DC to DO...

Issues specific to osteopathic medical education and practice as a DO.

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DC to DO...

Postby ChiroGeek » Mon Jun 26, 2006 11:42 pm

Hi all,

Well, I guess I'm having that 40 something crises, for at 46 and after 20 years of being a chiropractor - a very medically geared chiro I might add - I've had it.

I want to become more of a "real doctor" as my father and grandfather were and go for at least a DO degree.

I graduated Cum Laude from Life Chiropractic University in GA and did my undergraduate in Michigan at Ferris University - almost got a BS in applied Bio.

So, how in the world to I start this journey? Do I need to start completely over or is there some way I can get directly into a DO school without starting completely over.

I've got an MD friend who converted from DC to DO and went to one of those Caribbean schools; however, my home state - California - no longer accepts doctors from these schools; so I guess that's out.

The other "challenge" for me will be this: I had a failed discectomy in 2003 and have limitations to heavy lifting and bending.

Any advise or words of wisdom would be greatly appreciated.

Sincerely,

Douglas M. Gillard, DC
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Postby future doc » Tue Jun 27, 2006 10:19 am

Doctor,

I would start by calling around to the D.O. schools and explaining your situation. You will probably have to take the MCAT but as far as pre-reqs you might find a school that is willing to accept you without them due to your situation. My uncle was a practicing dentist until he decided he wanted to be an M.D. One med school allowed him to skip the first year and start as a second year because of his previous training. So just call around, and see what the deal is and go from there. Good luck and bravo for pursuing what you want.

Secondly, I have a question for you. A very good friend of mine is finishing up at Logan. He started out pre-med but didn’t really have the requirements. He went D.C. Since then he has convinced himself that “this is what he always wanted to do,” and if he could change things, he wouldn’t. I think he is still very bitter. Furthermore, you mentioned in your post that you wanted to become more of a “real doctor.” Well according to him, he is a real doctor! He basically says he is in “medical school.” He claims the only difference between chiro school and D.O./M.D. schools is that chrio’s don’t study pharmacology. He even wears that shirt that says “trust me I’m a doctor.”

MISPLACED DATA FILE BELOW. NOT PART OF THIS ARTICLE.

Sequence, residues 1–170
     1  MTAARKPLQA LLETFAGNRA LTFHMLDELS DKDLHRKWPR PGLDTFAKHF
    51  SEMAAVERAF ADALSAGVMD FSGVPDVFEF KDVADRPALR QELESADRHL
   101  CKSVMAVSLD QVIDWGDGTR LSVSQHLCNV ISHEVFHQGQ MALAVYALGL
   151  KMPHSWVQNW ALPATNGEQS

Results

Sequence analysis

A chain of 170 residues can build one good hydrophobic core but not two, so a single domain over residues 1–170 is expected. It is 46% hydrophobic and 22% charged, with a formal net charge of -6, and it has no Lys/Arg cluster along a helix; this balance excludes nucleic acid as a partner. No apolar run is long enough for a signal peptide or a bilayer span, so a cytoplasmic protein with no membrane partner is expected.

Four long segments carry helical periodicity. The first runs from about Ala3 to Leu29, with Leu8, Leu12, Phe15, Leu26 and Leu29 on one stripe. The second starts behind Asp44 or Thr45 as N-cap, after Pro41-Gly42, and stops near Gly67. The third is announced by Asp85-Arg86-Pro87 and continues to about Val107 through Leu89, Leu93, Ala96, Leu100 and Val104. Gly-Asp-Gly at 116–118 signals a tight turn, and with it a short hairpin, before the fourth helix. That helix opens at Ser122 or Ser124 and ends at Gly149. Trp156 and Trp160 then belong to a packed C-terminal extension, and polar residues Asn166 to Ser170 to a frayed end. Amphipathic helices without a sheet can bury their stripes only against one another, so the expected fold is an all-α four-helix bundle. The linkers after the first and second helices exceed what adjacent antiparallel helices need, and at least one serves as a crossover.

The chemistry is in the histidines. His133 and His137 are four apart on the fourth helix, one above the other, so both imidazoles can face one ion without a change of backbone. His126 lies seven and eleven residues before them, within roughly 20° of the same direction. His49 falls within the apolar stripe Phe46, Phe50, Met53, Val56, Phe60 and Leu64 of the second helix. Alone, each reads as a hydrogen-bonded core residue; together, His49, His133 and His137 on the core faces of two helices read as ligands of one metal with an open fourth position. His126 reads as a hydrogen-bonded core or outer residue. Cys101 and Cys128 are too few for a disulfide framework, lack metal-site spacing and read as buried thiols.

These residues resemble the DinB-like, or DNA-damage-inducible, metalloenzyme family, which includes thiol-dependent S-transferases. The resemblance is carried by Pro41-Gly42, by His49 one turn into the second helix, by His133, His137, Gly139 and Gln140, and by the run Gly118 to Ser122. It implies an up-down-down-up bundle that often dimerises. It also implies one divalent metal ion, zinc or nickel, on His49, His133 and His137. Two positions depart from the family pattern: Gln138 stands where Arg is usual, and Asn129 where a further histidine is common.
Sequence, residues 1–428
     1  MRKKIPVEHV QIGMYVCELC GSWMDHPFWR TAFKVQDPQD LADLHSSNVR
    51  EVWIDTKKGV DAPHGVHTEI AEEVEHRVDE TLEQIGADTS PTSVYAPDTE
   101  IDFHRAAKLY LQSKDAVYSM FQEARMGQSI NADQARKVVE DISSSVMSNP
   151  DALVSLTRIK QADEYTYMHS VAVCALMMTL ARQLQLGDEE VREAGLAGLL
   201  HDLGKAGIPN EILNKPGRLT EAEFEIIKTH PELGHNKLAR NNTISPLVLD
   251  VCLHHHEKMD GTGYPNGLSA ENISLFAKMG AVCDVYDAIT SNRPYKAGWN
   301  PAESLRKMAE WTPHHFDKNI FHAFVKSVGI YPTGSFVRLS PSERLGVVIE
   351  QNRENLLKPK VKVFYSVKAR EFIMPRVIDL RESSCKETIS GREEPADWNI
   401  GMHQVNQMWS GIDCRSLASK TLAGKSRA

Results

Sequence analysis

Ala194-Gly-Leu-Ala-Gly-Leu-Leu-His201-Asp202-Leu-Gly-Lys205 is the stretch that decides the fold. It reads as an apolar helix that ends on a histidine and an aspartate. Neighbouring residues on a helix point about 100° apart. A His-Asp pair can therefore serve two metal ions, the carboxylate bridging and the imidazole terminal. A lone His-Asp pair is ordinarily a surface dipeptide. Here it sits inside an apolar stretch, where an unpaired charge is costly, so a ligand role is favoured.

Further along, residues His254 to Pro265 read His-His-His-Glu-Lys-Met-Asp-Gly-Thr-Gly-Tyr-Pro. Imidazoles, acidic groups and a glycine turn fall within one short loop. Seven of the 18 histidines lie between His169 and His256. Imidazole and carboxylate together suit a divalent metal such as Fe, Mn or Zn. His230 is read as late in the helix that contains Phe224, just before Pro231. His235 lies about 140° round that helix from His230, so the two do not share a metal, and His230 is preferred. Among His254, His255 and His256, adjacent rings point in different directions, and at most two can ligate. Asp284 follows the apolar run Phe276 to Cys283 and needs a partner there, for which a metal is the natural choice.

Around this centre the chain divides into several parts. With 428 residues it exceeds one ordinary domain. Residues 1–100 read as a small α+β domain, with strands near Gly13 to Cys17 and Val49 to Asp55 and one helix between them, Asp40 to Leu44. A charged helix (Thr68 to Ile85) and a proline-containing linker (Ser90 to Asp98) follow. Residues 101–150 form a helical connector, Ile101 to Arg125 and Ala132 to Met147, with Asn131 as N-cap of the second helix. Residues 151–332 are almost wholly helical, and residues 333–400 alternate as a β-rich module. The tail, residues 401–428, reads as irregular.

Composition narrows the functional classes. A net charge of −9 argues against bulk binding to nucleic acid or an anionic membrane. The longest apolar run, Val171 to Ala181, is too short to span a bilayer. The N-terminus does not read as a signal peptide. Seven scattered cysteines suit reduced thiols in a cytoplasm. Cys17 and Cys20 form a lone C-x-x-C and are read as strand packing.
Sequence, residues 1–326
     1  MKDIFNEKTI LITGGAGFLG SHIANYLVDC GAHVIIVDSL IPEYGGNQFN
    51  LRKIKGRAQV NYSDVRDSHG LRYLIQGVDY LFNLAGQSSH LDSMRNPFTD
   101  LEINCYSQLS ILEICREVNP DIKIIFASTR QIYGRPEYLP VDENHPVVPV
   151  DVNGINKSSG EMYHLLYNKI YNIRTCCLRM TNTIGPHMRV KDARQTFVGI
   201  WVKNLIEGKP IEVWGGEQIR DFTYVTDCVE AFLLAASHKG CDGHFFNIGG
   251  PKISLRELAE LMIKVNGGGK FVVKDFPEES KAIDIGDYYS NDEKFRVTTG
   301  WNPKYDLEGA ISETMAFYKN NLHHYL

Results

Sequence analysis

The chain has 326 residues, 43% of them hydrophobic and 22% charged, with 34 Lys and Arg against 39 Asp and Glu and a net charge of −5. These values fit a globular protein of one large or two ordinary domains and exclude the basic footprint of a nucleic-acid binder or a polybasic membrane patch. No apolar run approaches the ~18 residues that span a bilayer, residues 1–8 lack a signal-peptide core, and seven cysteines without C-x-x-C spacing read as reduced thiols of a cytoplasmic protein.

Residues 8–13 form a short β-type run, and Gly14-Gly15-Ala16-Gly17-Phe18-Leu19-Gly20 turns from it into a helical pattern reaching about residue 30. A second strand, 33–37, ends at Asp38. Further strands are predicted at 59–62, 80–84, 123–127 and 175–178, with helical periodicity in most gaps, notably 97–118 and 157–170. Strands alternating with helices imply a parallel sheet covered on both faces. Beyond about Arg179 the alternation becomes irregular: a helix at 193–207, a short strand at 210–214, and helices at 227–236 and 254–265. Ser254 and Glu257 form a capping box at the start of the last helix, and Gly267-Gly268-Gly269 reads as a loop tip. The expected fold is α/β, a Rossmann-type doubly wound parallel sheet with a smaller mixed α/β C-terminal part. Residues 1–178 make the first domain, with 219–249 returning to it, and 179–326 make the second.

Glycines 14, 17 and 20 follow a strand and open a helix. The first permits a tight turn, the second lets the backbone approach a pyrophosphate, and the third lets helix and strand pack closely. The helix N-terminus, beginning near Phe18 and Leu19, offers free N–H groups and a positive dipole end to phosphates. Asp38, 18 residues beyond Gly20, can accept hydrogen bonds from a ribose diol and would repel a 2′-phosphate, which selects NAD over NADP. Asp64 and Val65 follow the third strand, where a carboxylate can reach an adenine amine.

He is a good guy and a good friend. But when he starts spouting off his “medical knowledge” apropos of nothing, it drives me crazy. It is like he always has something to prove. I can’t talk to him about it because he gets so defensive. On a more serious note, I’m worried one day he might try treating someone he doesn’t have the training to treat, and may very well end up hurting that person. Any advice/insights would be greatly appreciated. Thank you!
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Postby ChiroGeek » Tue Jun 27, 2006 10:57 pm

Thanks so much for the reply; that's a great idea and I shall make some calls tomorrow.

What is the best way to prepare for the MCAT? I understand it is an incredibly hard test. Since all of my education was done in the 1980s, I've got a lot of re-learning to do.

My education was pretty darn thorough when it came to the core medical sciences (anatomy, physiology, PNS, CNS, hard & soft tissue pathology, Radiography, parasitology, embryology, diagnosis, etc) and some of our teachers also taught at near by Emory Medical School. However, the philosophy was just so "far out there" that is was laughable. We had a weekly assemble [the only class I ever failed, for I walked out on several occasions] that was just insane: They spoke of how chiropractic was all powerful and could cure any disease such as diabetes, asthma, allergies, menstrual cramps, bed wetting, and, the presidents favorite, "moth-eaten alopecia."

If your friend is prepared to buy into this sort of philosophy's (correcting subluxations will turn-on the bodies natural healing power and you'll live forever and be free of disease), then he may do well. For me, who am a man of science, I could never subscribed to sort of this heresy and it sickens me that these types of chiropractors continue to thrive.

There are more medically orientated chiropractic philosophies that know their place in the health care hierarchy and simply look for and correct vertebral fixations. This sort of philosophy is more grounded on science and much more down to Earth; however, you will not make as much money as you are really nothing more than a glorified physical therapist.

We are trained (or at least I was) very well in reading radiograph, so hopefully he will recognize that fracture before cracking it back into place.

Chiropractic certainly has it's place, but I want more: I want to be able to prescribe medication; perform EMG/NCS studies; and perform transforaminal fluoroscopically guided ESIs, facet blocks, SI blocks, etc... you know, things A REAL DOCTOR can do.

If anyone else has any ideas how I can get a DO degree without spending another decade of my life in doing so, I'd be glad to hear from you here or at ChiroGeek@ChiroGeek.com
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